The conference, which indeed Machigi was very pleased to sponsor, was only intended to last a week. But a great storm blew up and lashed at the city in fury, trapping the delegates in the confines of the legislature for a full extra week. The legislature was transformed into something like a camp, with the constructed-but-as-of-yet-unused office space for the second chamber converted over to temporary lodging. The assembled body continued to argue and lecture and rant, sometimes even drowning out the howling of the wind and rain outside. Rao was gone most of that time, but there were underground connections for the staff between the palace and the legislature, so she was able to return to their bed most evenings, when whatever it was they were arguing about did not keep her there throughout the night. She would not tell him what they were saying because it had not amounted to anything, she said. “But I will observe that in this, Maridi are not all that different from Edi after all.”

“Are there enough clerks to handle the record-keeping?” He asked her, holding her close under the covers. The storm had brought a deep chill with it, and she was pleasantly warm.

“Oh yes,” she said. “Palace staff have been working hard with the masters’ assistants in that regard.”

There was a sudden rattle of hail against the roof tiles, audible even within the sheltered confines of the bedroom. “It is dreadful outside,” he said. “I fear for the gardens.”

“They will survive. But speaking of gardening…” she said, and made him forget all about the weather.


Some two weeks after the conference, Nevathi brought Machigi word that the aiji-consort and Haorai, the master potter, were asking to meet with him. “See them to the map room,” he said. He made his way there to find the two of them waiting for him, standing by a cozy table-and-chair arrangement in a corner by the windows. A rare break in the season’s storms lit up the space with a probably transient sunlight, and staff had lit the overhead electrics to compensate for the likely return of storm-borne dimness.

They bowed to him and they all took their seats together. When his majordomo had told him that Rao had wanted to see him, he had hoped that she was going to tell him that their attempts to conceive an heir had met with success. But with Haorai’s presence, and the fact that the master potter was holding a neatly-bound stack of paper, he knew it for something related to wider concerns. He allowed himself a silent, wistful sigh.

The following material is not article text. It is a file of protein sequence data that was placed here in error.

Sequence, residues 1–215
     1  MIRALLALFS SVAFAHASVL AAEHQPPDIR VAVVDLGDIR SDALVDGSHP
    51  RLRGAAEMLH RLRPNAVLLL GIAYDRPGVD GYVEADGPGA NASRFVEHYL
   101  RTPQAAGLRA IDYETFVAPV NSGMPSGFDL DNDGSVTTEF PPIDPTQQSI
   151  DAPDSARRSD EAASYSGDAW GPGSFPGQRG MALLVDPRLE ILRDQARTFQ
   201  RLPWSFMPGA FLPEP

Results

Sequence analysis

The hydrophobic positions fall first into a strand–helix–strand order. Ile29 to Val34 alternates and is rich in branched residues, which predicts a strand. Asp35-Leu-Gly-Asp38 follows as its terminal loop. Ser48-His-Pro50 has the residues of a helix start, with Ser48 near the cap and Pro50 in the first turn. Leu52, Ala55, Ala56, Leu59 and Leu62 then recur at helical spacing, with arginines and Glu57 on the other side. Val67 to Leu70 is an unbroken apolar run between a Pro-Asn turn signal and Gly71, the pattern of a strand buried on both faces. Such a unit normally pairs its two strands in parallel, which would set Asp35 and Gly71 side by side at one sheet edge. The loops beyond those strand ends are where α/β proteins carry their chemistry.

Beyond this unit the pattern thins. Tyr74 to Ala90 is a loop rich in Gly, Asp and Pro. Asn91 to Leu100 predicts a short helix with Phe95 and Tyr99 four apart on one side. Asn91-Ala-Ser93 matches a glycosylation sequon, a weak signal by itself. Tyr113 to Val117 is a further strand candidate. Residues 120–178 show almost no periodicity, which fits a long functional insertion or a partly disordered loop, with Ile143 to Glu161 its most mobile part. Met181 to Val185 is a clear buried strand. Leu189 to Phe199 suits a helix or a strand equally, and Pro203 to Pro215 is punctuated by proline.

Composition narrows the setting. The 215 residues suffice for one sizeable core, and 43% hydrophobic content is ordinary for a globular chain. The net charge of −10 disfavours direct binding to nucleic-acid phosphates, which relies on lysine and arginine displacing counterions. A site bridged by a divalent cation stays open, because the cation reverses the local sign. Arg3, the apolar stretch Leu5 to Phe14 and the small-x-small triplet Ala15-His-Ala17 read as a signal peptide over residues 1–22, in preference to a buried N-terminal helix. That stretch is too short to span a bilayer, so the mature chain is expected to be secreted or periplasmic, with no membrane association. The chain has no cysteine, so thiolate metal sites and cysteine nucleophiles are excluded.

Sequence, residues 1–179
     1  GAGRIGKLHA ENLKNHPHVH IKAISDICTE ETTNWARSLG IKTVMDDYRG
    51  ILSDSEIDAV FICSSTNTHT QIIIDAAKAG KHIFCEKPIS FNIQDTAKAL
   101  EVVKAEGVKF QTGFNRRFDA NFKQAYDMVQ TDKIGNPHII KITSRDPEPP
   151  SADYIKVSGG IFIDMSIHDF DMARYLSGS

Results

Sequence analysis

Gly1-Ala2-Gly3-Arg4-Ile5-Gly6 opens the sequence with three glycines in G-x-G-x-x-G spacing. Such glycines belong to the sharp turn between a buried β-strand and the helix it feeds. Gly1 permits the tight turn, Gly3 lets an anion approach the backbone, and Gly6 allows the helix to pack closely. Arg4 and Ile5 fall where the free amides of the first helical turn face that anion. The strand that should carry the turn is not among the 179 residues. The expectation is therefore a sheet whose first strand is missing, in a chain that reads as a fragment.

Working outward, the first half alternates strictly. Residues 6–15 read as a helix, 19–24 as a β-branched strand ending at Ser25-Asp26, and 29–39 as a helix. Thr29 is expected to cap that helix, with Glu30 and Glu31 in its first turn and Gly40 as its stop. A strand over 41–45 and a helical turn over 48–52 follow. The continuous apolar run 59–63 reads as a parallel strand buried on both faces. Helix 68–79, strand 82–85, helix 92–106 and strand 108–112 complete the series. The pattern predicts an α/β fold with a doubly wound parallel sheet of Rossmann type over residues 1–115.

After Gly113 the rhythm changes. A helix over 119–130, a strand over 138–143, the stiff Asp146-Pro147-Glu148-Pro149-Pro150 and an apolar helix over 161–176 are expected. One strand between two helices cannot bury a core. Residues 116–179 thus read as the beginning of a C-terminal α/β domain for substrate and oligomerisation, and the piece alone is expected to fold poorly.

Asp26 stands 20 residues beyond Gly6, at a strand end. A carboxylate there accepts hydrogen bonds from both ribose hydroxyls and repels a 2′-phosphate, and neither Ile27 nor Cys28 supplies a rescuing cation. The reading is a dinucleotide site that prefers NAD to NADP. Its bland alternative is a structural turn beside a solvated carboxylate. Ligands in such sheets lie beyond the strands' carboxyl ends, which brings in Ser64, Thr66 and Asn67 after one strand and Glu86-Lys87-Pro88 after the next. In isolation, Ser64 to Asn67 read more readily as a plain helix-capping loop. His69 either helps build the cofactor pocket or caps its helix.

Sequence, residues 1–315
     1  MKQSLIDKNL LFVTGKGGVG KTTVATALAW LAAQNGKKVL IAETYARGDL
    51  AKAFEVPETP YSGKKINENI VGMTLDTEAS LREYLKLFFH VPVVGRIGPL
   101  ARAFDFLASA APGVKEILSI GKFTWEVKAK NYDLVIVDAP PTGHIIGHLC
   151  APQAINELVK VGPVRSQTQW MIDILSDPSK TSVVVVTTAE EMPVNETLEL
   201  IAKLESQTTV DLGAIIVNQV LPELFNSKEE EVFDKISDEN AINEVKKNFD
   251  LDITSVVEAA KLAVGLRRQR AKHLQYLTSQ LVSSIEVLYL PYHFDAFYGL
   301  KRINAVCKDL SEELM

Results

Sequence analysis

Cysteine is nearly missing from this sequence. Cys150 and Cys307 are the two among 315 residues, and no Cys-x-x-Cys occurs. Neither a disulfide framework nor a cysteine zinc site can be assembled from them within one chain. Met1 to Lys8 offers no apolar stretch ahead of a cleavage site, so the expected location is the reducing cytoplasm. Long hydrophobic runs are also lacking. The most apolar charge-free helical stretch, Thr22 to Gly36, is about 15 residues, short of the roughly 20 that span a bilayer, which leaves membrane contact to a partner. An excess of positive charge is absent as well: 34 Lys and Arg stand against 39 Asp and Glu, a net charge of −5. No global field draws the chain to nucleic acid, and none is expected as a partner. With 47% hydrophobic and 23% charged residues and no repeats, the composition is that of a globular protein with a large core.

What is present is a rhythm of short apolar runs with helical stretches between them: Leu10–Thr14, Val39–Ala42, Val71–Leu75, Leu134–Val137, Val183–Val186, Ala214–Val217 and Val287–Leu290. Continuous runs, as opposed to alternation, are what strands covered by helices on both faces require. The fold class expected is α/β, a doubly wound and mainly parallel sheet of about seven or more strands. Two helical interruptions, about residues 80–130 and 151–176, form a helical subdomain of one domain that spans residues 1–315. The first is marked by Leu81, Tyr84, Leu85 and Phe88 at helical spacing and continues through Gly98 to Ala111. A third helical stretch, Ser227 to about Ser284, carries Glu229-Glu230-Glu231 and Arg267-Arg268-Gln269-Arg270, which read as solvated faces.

He assumed that Haorai was bringing him a report regarding the conference, but the potter’s expression was so inoffensive and Rao’s so self-contained that he immediately knew that they were Up to Something Unusual. He raised an eyebrow and, mischievously, called for tea, so that they would have to wait until a fortuitous cup or three before being able to reveal whatever it was to him.

After he felt that they had endured — and he had enjoyed — enough of a gentile and excruciating discussion of the weather, he finished his last cup — and it was the third — and set it down so they could finally get to business.

“A report, aiji-ma,” Haorai said, as he had expected. “Compiled from the conference. We —” ey used the collective we “— that is to say, the craft, trade and art masters, have recommendations as to how to proceed.” And ey offered him the stack.

Machigi received the report in his hands. It was machine-printed, but the pages were hand-bound down its spine in the classic Mie-period style of braided threading, all three ribs secured with clever knots to thick cover stock. The report had silken green-and-blue foot- and headbands, with plenty of ribbons sewn into the latter to serve as placeholders. And the edges of many of the report’s pages were flagged with heavy, multi-colored tabs to call out their importance, besides. It was, in fact, a masterpiece in and of itself, and he knew it for Elsano’s work thereby, probably working with one of the city’s very few printing presses. A collective effort.

How is this possible? The region’s masters were, as a matter of ancient and closely-hoarded tradition, insanely jealous of their individual processes, procedures, and techniques. How in the ever-squabbling gods’ names did they manage to produce anything collectively? Was it because the storm had trapped them in each other’s company?

Storms... He looked over at Rao. He suspected that his wife had had something to do with it — he had that that tingling sense that he was imminently about to be a lightning strike victim. This was generally how she made him feel — to my eternal masochistic delight.

“Hm,” he returned his attention to the report. He opened it and found, at its beginning, a summary. He could feel Rao’s and Haorai’s attention on him as he read. And what he read did, in fact, strike him as a thunderbolt, both surprising and entirely anticipated, all at the same time.

Haorai, seeing that he had reached the end of the summary, said, “Aiji-ma, the document goes into significant detail. And it is affirmed.” Machigi dutifully turned to the end of the report and saw that it was so: several pages’ worth of the masters’ marks stamped in ink in lieu of wax for practicality and, in many cases, doubling as signatures for those of them who did not know how to sign their names. So many marks. “Should you and the council accept these proposals, aiji-ma, you will have full support from those whom it would affect.”

Machigi closed the report and looked at Haorai. “This is extraordinary work, ter’ Haorai,” he said. I lie — it is a miracle. “I will review it in detail, and bring it to the small council in haste. If it works — if what you have detailed actually works…”